Camden Council closes down series of outdoor West End concerts over licensing issues
The events were taking place near Centrepoint in central London
Camden Council has closed down a series of outdoor West End concerts taking place near Centrepoint in London over licensing issues.
The events, which began on 27 August, were free for punters but saw performers and musicians paid for their time – the first paid gigs for many in months.
The series, titled "The Garden at Centre Point", was produced by Duality Music and backed by Almacantar. The two organisations hoped to boost footfall in the area and "give a platform to the talent which underpins London's culture."
Last week, police officers came and told the concerts to cease immediately. When contacted the Council said: "Camden is right behind its arts and creative industries at this difficult time, which are such an important part of Camden's identity. We are here to work with event organisers to help them put on safe, licensed events.
"This particular event went ahead without a licence and involved very loud music that generated a number of noise complaints. We made repeated attempts to engage with the event organiser to try and agree a way forward but as this was not accepted we were left with no option but to stop the event."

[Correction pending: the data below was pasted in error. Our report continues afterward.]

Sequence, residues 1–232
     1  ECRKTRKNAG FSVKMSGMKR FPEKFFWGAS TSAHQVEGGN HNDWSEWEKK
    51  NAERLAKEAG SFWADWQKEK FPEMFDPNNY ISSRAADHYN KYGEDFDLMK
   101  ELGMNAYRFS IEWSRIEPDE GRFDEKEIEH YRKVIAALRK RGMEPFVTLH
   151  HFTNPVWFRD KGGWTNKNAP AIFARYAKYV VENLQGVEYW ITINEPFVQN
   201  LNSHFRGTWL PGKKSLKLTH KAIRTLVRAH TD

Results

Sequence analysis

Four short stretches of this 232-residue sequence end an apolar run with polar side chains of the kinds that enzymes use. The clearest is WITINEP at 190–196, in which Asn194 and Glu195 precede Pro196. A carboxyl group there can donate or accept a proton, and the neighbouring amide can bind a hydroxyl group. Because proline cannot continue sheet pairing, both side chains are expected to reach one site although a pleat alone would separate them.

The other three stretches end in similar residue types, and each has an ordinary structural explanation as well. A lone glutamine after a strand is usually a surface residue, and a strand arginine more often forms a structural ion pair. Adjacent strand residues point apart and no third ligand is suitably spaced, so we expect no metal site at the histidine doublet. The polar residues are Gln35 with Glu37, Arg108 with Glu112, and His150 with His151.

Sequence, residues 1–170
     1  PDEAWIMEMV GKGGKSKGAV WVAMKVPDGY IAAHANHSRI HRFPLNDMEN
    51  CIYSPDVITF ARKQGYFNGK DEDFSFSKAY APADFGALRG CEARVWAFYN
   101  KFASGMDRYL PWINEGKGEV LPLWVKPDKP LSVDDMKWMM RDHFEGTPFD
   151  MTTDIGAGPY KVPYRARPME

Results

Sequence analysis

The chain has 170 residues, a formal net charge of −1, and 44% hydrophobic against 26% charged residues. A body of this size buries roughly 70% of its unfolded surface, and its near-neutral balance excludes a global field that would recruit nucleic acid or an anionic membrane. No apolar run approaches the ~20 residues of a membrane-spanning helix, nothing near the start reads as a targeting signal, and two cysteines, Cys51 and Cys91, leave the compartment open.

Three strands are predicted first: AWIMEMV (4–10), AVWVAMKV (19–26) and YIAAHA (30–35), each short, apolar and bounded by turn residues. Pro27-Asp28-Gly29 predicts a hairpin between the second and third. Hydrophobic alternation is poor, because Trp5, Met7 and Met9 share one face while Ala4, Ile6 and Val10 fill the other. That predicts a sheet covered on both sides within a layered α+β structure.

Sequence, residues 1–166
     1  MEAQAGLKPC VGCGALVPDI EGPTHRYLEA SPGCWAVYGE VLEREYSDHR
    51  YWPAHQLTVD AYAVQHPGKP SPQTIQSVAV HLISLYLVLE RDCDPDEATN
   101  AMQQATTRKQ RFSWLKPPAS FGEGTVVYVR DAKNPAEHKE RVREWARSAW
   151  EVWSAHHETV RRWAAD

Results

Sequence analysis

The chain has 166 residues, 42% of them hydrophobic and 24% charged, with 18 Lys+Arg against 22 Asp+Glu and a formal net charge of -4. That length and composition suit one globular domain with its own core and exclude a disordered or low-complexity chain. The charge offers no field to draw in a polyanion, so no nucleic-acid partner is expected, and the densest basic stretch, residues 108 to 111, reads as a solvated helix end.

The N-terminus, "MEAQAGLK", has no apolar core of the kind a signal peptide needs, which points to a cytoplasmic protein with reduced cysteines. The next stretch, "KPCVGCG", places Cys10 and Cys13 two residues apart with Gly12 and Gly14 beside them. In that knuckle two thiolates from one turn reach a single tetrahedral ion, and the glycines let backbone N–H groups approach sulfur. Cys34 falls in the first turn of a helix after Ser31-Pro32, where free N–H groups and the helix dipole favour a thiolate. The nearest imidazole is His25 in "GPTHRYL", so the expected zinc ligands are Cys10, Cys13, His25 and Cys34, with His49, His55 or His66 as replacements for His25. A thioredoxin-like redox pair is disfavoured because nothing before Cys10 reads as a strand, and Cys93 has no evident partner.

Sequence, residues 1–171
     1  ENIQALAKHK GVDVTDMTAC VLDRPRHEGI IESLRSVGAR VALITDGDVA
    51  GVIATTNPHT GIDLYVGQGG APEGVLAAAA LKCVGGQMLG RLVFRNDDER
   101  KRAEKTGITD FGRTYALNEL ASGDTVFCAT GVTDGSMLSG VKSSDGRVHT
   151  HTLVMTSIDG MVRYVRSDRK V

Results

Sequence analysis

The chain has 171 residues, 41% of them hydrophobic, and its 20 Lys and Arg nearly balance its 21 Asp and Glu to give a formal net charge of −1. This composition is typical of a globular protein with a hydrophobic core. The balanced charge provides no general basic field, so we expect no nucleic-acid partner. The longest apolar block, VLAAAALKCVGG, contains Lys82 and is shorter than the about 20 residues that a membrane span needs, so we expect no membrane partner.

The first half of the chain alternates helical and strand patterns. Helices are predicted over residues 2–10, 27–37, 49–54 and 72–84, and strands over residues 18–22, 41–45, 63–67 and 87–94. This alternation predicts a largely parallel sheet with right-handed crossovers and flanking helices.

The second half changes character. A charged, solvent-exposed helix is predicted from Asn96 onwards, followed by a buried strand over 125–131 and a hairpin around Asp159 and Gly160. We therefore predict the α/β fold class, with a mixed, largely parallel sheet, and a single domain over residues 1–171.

Duality Music responded in a statement: "Following a successful first two weeks, which saw the likes of Emma Hatton, Laura Pick and Jordan Lee Davies safely perform to hundreds of Londoners returning to the city centre to shop, eat and work, Camden Council requested the performances were stopped over concerns on noise.
"Licensing around outdoor theatrical performances is ambiguous and unfortunately in this instance requirements were unclear, however Almacantar is working closely with Camden Council to find a solution so performances can resume as soon as possible."
One performer involved in the project told WhatsOnStage: "Almacantar (who have sponsored the project) and Duality Music have created a lifeline for us and followed all guidelines for us as well the public, and provided paid work for us during a time when the theatre industry and live entertainment is on its knees. I really hope that Camden Council can work with them to find a positive solution."
All hope is not lost, with the Council addng: "We will continue to offer advice and assistance and hope that performances can return to the space in the near future."